Nope, this is not an idiom, just some sentence about a mouse among some cats.
That's what I thought. When I thought it was idiom I was trying to figure out it's meaning but didn't make much sense except to maybe illustrate a rookie among professionals or something related to "a wolf is sheep's clothing".
I understood it as "a sheep among wolves": scared, defenseless, odds stacked against it.
Both among and amongst are correct: http://blog.oxforddictionaries.com/2013/02/among-amongst/
Is there a need for (de) before (cats)? A mouse among(st) cats but here (de) is added any reason?
Tussen, zwischen and between all come from proto-Germanic twiskas (two-fold, double) as evidenced by the t(w) z(w) of twee, zwei, two.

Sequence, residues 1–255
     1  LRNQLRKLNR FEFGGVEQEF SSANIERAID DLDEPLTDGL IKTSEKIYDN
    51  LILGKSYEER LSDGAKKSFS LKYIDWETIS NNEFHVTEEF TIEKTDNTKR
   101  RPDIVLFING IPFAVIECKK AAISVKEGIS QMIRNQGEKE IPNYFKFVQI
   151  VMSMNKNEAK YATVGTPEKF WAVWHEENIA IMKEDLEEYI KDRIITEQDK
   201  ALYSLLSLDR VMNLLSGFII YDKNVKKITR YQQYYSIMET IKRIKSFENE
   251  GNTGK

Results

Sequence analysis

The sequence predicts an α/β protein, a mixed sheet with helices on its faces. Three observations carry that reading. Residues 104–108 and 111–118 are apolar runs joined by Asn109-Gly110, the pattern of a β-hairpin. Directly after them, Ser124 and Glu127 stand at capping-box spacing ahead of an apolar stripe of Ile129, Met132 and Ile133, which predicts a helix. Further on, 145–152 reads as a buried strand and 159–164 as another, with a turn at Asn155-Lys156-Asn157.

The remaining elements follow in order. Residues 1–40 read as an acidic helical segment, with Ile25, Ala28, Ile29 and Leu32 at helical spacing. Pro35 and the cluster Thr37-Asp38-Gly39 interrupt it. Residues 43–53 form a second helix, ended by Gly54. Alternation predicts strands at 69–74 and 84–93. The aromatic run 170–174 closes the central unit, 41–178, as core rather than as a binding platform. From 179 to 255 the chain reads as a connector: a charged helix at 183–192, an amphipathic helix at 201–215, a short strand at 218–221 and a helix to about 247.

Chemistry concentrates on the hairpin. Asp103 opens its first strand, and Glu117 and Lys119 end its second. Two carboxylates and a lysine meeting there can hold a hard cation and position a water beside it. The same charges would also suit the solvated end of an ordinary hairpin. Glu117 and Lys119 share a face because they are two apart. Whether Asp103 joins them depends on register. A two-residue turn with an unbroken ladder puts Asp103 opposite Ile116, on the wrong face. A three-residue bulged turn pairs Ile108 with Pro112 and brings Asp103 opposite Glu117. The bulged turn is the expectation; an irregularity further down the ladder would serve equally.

English still preserves the distinction between between two people or two groups and among(st) several people or several groups. When I saw Een muis tussen de katten my brain said "Oh, there are two cats - that means use between". Then I saw among in the answer. So, does this mean Dutch does not maintain the between/among distinction?
Even in English there is not always a clear difference between between and among(st): https://blog.oxforddictionaries.com/2015/06/29/grammar-myths-among-or-between/